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I wonder what are the most common packages that are usually negotiated instead of money; examples and cases based on your experience. I would focus on positions in Austria (so I would consider neither health insurance nor retirement since they are already addressed by law).

The only ones I have in mind are:

  • Additional vacation days;
  • Company car;
  • Gym;
  • Company's computer and other devices;
  • Additional retirement benefits;

... Can you please help me to extend this list with additional examples? Can for example travels be considered more convenient for companies instead of money?

EDIT: I specified the country (Austria)

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    you'll need to be specific about countries. Often there are taxation exemptions for certain benefits, which makes those more popular, but that differs strongly from country to country within EU. – KillianDS Jan 11 at 19:52
  • I specified the country – Altair Jan 12 at 7:44
  • Flexi-time, work-from-home days, expense account. "Can for example travels..." What do you mean? "travels"? Anyway, why are you asking this question? Is there a particular problem you're trying to solve? Are you currently negotiating with a potential employer? – Stephan Branczyk Jan 12 at 14:11
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    Also, health insurance and retirement can be quite a thing even if already covered by law as this legal coverage is usually not the max you could get. I'm talking for Belgium but I guess this would be true for a lot of countries. – Laurent S. Jan 13 at 11:17
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    The car produces also costs for you, even if it is a company car, since you have to pay "Sachbezug" which is about 1-2% of the retail price of the car PER MONTH (even when the car is 10 years old). So make sure you bring that into the equation aswell. @quarague 14 paychecks is the norm in Austria, not even sure if it is legal to get less. – kirbby Mar 3 at 9:04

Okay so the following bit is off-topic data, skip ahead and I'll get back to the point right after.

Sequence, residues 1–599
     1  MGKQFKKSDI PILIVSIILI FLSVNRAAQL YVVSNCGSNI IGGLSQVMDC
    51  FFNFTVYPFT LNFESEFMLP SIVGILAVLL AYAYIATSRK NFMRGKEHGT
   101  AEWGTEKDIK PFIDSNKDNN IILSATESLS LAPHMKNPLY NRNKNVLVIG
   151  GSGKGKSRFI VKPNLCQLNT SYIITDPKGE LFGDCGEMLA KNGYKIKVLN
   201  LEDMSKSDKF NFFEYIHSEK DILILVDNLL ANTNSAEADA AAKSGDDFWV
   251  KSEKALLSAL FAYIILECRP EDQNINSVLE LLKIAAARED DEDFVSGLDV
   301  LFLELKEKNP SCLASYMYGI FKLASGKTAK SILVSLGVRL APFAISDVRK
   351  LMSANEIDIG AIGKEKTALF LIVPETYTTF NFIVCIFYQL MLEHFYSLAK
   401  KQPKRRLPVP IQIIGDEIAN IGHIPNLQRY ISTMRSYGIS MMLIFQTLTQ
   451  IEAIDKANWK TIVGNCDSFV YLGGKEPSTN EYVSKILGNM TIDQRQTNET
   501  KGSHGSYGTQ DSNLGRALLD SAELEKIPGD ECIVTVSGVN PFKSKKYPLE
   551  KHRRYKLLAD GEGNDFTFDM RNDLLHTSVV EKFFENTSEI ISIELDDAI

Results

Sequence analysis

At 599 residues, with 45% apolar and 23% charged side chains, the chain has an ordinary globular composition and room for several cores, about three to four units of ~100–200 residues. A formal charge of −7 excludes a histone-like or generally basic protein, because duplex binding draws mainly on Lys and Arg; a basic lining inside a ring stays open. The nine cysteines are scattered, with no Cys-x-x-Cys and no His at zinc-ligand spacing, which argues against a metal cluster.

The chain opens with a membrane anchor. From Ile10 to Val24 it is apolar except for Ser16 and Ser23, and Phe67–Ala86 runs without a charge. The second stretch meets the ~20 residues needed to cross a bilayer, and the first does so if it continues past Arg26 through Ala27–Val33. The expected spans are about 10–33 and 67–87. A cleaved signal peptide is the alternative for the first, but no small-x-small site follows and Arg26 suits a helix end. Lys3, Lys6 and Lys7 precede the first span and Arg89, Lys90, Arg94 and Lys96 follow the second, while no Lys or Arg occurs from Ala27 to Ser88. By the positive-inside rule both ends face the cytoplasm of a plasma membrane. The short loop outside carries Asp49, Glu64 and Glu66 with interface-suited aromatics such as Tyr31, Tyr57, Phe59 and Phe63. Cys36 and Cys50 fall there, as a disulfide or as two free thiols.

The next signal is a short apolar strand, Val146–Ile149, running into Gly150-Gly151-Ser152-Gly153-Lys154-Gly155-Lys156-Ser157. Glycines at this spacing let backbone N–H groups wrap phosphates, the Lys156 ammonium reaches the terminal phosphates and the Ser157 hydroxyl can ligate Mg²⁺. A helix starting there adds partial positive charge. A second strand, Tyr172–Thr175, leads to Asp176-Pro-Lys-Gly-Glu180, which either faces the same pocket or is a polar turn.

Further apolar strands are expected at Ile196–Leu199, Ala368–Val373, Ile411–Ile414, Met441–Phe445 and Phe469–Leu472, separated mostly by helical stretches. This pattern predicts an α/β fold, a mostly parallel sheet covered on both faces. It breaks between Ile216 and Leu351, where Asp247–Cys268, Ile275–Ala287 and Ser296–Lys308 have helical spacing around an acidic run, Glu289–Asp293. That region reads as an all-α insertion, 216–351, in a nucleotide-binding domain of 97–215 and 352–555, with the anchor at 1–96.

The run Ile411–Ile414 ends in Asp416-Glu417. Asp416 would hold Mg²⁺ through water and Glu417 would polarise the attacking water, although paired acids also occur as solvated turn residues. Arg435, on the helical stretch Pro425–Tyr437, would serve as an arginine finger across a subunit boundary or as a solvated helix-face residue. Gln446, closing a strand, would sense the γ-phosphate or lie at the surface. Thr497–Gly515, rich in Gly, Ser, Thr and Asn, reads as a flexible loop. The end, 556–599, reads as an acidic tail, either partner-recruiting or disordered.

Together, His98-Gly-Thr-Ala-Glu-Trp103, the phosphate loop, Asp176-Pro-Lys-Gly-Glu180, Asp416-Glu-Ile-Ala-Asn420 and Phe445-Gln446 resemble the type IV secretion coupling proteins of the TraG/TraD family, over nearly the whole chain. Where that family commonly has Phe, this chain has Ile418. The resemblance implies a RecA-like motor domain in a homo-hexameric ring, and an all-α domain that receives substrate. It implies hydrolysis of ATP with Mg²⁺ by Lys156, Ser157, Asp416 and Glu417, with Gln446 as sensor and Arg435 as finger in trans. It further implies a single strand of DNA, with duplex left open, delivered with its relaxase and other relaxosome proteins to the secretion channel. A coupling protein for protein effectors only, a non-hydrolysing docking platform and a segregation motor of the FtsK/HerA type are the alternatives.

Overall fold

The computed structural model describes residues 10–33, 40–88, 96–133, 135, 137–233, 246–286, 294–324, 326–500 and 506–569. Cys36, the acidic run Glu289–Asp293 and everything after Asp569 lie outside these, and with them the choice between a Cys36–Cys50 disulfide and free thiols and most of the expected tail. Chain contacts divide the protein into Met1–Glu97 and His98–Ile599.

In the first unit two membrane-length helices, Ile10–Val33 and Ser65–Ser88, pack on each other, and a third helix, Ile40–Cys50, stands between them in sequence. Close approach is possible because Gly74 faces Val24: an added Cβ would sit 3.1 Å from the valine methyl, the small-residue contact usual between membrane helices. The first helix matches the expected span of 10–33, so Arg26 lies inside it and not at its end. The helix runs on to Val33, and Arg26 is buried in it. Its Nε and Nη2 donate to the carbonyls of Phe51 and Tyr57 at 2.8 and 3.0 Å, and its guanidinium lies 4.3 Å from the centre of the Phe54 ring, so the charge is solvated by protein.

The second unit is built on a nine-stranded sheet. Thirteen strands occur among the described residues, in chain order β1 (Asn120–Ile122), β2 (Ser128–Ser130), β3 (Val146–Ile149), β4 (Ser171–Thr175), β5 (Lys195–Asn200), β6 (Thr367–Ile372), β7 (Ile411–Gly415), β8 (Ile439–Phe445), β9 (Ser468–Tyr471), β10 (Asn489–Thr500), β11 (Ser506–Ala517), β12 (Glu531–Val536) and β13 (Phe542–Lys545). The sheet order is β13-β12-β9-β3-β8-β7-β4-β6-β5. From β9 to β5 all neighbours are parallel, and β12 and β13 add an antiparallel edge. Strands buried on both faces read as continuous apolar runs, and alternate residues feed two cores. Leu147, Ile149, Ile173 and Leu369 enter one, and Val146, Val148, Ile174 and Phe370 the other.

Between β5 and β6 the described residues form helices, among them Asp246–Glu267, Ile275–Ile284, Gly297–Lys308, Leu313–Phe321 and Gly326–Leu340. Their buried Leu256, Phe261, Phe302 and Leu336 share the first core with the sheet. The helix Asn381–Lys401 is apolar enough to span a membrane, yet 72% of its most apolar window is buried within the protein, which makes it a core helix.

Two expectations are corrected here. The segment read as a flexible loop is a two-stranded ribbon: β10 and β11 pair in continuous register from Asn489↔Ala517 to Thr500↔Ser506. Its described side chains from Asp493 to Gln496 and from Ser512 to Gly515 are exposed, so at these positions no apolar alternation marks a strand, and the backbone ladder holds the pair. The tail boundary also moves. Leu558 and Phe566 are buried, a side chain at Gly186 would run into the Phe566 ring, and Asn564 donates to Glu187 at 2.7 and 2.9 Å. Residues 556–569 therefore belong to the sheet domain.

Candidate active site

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From a taxation perspective, almost any employee perk is treated as if it were a payment, so there is little point for companies to create more paperwork.

IIRC, the main exceptions are

  • use of a company car: it is assumed that the car will be shared between business and private use, different schemes exist how to calculate that split and only the "private" part is treated as income
  • public transport subsidies: for employees without a company car, a metro pass can be substituted, a similar split-use assumption is made
  • employee discounts: below a rather generous limit, these do not affect taxation of wages
  • some financial products (in Germany, the term is "vermoegenswirksame Leistungen", quick googling suggests that Austria has similar provisions)

The latter is probably the most interesting to you, but also the most complicated from a taxation point of view. These do not need to be negotiated however, because you are already entitled to these and they are cost-neutral to your employer.

Pretty much any other perk will be treated the same as monetary compensation and it would be pointless to preallocate your salary in that way, from the employer perspective a gym membership is the same as asking for extra money and extra paperwork at the same time, and companies offering it are doing it mainly for reasons of "team building" or to reduce sick days.

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  • "pretty much every other perk".. but the perks you already mentioined are already many and should not br discounted. – guest Mar 1 at 10:47
  • @guest, right, my point is that anything that doesn't get special treatment tax-wise is not something that makes sense to negotiate and both you and your employer are better off if you just ask for the money. – Simon Richter Mar 1 at 11:04
  • Sure there is no tax-free threshold for "small" gifts, like head phones etc ? I'd also add that further options are that the company gets you better work equipment (e.g. laptop) and lets you use it privately. Especially regarding the computer laptop, that's so common a perk, many don't consider it a perk at all. (And sometimes it's not exactly a perk if the company needs to follow strict safety guidelines with the laptop and you basically need to give them remote access to it, but that's another story.) – Frank Hopkins Mar 2 at 3:21
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Independent of the country, you can negotiate anything of value to you. I have only worked in the US though, so it is advisable to consult locals.

What do you want to do in life? You can ask for things that you care about. Basecamp has a good list of perk:

  • $100/month Fitness Allowance
  • Charitable Gifts Match
  • 32 hour (4-day) Summer work week
  • Life Insurance
  • ...

Stack Exchange has a similar list. A while ago I made "good working conditions" list for academia (blog link), which contains things I would ask for.

You can ask for travel allowance, professional memberships, whatever. Getting company-paid local metro card is a nice perk, as it takes one more thing off my monthly bills.

In some cases you can try to trade one perk/offering for another, see

Canonical answer: it never hurts to ask (especially the first time).

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